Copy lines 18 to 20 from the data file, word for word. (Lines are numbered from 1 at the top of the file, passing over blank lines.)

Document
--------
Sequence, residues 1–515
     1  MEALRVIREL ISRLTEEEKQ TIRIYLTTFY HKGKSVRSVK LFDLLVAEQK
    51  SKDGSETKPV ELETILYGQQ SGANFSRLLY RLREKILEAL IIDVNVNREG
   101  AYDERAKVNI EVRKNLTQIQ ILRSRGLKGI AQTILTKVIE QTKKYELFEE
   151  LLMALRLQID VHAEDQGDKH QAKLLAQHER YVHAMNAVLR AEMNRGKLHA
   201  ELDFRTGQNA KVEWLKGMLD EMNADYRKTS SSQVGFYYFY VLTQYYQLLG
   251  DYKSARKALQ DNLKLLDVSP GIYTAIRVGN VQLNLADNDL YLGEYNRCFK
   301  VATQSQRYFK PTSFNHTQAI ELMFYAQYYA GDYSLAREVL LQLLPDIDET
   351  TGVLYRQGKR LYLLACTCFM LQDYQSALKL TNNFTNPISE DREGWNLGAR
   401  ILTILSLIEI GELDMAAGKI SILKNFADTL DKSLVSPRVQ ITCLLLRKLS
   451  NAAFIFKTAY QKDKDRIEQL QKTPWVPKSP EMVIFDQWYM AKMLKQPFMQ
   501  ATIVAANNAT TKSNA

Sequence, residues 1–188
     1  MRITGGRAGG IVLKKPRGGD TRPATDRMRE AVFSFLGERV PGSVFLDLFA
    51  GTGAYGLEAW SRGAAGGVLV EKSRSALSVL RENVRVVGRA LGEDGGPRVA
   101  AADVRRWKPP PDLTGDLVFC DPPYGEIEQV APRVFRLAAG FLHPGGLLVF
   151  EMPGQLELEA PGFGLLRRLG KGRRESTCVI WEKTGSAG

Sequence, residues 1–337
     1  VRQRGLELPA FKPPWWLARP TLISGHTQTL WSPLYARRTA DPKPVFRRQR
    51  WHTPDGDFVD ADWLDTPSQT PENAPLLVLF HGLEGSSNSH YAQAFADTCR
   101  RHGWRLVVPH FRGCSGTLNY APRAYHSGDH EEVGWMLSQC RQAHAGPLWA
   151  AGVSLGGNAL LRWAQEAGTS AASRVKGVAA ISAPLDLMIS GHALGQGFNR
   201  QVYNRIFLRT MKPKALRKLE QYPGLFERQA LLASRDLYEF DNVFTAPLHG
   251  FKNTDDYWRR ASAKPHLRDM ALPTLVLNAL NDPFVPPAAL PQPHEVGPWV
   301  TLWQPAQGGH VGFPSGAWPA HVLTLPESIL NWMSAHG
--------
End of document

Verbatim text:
Sequence, residues 1–337
     1  VRQRGLELPA FKPPWWLARP TLISGHTQTL WSPLYARRTA DPKPVFRRQR
    51  WHTPDGDFVD ADWLDTPSQT PENAPLLVLF HGLEGSSNSH YAQAFADTCR